Anger Management

Anger can be the result of many different factors, some of which may not be recognized by the person experiencing the anger. For example, people who go through the pain of a divorce often suffer with untreated anger for years after the separation. Illness and death can cause those who grieve to feel extremely angry as part of the grieving process. Children who have suffered neglect or abuse may bury their emotional wounds for years, only to have the wounds resurface in adulthood in the form of anger and aggression. This natural emotion is the way our bodies and minds try to protect our inner selves from perceived threats. Even if an attack is not imminent, it is how we view a situation that creates the greenhouse for anger to grow. In many cases anger is a normal response and not problematic in a person's life, but approximately one in five Americans faces the challenge of uncontrollable anger.

Exploring the Roots of Anger

Anger is a sign of one or more underlying issues and should be regarded as a symptom of a larger emotional challenge. People who receive anger management therapy are given the tools to slow their reaction to anger in order to identify the source of their feelings. Whether the root of the anger is buried in emotional trauma, addiction, or grief, our natural inclination is often to neglect and ignore the cause of anger in order to maintain self-control.

How Does Anger Management Work?

Developed by R. Kassinove, Dr. Chip Tafrate, L. Dundin, Brad Buchman, and Dr. Micheal Hoyt, anger management therapy provides a clear and distinct set of guidelines for recovery. It gives the client a controlled platform for the release of his/her emotions while aiming to achieve positive, rather than negative, responses. Clients in therapy are encouraged to examine the circumstances that trigger their anger and to become aware of their emotional state at each level of their arousal.

Clients are taught how to use those psychological signs as a road map to control their anger. By identifying the emotions as a psychological reaction to a situation, the client can gain awareness and insight into the way their body responds to past and future circumstances. In addition, clinicians work with clients to identify anger responses that may be defense mechanisms for other concerns like depression or anxiety.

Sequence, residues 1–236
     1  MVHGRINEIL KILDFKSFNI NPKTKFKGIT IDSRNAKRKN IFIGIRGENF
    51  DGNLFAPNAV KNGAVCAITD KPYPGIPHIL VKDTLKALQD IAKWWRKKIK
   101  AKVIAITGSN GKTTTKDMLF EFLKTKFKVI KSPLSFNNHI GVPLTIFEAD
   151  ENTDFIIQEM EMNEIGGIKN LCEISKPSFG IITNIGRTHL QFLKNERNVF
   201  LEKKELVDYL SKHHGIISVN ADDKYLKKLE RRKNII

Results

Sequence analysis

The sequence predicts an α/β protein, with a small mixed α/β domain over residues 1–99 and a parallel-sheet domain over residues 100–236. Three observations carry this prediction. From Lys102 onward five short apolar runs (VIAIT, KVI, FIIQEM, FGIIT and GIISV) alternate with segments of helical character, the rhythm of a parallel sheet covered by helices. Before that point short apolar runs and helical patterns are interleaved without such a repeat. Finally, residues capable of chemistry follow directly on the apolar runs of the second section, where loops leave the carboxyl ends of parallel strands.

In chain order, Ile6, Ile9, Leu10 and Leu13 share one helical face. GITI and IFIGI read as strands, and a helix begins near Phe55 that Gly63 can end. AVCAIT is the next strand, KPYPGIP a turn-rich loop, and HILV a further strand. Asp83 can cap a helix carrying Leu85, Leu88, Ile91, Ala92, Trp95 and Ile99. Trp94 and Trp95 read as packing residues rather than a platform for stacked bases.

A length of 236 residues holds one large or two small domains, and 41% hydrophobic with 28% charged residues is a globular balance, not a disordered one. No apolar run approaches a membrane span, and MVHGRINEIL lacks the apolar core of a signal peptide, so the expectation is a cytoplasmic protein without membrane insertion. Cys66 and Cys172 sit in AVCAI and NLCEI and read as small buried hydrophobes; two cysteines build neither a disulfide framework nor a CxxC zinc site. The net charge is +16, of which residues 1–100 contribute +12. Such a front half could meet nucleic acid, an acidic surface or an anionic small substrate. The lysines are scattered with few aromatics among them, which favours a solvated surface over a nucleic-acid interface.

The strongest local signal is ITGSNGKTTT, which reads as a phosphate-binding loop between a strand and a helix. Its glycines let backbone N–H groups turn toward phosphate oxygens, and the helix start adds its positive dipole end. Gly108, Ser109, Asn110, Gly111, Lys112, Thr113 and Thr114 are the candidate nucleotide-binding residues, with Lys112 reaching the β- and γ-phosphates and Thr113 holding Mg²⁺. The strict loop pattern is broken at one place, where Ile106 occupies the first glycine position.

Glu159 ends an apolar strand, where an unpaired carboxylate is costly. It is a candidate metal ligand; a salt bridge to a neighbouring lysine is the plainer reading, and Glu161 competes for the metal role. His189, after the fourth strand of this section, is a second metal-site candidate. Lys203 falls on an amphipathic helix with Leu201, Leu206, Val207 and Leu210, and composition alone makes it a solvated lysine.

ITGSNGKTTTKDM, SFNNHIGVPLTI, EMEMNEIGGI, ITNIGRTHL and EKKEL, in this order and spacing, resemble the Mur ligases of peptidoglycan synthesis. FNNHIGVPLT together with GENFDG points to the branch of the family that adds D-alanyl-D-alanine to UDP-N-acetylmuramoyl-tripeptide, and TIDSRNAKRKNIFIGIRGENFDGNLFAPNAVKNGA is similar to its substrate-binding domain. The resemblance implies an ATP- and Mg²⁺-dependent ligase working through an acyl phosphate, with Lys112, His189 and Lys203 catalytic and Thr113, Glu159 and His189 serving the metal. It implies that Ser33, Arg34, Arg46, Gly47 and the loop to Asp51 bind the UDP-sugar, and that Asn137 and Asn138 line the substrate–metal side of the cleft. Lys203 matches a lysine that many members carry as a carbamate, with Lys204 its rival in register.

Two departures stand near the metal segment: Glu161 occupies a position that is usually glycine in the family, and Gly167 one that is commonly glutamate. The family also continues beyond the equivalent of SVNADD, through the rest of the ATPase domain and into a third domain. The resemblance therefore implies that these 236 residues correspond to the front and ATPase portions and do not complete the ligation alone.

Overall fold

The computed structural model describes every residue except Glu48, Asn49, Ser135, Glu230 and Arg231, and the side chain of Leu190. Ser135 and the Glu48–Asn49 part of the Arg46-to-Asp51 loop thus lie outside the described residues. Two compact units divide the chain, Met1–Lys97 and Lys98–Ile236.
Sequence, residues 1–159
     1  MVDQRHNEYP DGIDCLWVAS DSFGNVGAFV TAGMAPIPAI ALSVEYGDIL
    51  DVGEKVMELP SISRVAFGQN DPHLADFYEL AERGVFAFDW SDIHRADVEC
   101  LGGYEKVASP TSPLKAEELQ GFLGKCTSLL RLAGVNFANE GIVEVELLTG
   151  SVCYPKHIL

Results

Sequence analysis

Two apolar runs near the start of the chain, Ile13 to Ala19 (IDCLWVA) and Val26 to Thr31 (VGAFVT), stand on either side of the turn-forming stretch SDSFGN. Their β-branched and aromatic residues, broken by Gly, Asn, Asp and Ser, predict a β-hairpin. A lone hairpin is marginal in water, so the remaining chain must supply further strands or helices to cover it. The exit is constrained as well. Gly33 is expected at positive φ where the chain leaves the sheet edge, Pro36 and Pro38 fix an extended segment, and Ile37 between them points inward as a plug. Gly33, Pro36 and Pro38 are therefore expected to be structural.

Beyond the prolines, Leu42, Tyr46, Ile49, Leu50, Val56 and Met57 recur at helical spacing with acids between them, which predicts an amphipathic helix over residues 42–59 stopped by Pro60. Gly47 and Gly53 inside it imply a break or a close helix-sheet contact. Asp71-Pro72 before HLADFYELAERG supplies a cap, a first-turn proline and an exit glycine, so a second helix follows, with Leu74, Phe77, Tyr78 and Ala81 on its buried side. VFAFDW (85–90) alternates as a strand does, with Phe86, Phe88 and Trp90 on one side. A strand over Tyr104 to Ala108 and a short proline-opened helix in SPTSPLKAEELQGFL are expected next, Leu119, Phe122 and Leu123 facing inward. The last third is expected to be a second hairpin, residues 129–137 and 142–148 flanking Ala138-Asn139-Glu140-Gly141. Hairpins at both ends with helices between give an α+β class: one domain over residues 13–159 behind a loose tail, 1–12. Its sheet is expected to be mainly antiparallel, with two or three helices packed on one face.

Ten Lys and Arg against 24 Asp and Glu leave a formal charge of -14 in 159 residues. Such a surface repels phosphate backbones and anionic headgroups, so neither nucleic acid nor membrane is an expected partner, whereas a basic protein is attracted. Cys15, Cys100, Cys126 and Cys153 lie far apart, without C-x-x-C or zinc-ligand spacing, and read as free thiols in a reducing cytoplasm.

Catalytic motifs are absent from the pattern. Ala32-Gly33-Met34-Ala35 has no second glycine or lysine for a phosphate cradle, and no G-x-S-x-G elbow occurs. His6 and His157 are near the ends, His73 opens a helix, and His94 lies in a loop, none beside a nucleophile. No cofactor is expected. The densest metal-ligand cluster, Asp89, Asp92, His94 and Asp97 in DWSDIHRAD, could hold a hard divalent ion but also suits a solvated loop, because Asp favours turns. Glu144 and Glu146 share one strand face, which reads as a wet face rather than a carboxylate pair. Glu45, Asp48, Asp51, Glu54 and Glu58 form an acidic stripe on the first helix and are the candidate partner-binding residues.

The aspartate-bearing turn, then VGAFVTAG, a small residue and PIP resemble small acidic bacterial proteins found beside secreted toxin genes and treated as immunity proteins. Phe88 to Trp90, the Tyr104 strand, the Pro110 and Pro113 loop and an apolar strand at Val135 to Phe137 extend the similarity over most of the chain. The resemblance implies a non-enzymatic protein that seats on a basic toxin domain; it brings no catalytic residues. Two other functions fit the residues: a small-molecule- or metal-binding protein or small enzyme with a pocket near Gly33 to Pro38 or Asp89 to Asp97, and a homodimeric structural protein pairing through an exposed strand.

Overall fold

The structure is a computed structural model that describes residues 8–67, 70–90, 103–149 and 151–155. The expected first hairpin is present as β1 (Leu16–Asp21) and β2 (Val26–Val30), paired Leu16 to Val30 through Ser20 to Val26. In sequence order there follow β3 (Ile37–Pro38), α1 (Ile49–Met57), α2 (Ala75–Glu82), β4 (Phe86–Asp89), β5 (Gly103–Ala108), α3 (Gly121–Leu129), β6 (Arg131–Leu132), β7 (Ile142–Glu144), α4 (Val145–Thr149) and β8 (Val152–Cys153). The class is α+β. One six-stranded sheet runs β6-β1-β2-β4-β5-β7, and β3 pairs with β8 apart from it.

Goal of Anger Management

Anger management therapy provides relief to the person struggling with anger issues, as well as those around them. Having uncontrollable anger can create harmful psychological and physical conditions. By reducing and controlling anger, an individual can reduce their stress and significantly lower their risk for serious health problems, including heart disease and high blood pressure, among others. The goal of anger management therapy is to teach an individual how to accurately examine their triggers and their perceptions of situations, and learn healthy, constructive ways in which to express their anger and frustrations. Some of the techniques that are used in anger management therapy include impulse control, self-awareness, meditation, frustration management, breathing techniques, and relaxation strategies.

Types of Anger Management Therapy

Anger management therapy is delivered in individual or group settings. Classes are designed to address specific types of anger issues, including relationship, parenting, adolescent, and work-related anger or rage. Individuals may be court-ordered to attend an anger management class as a result of a domestic or legal issue. Therapy is offered on a continuing basis, or clients can enroll in a retreat or online session. Most anger management therapies include homework assignments and exercises that strengthen the techniques learned and allow a client to practice them in real-life situations.


Last updated: 07-02-2015

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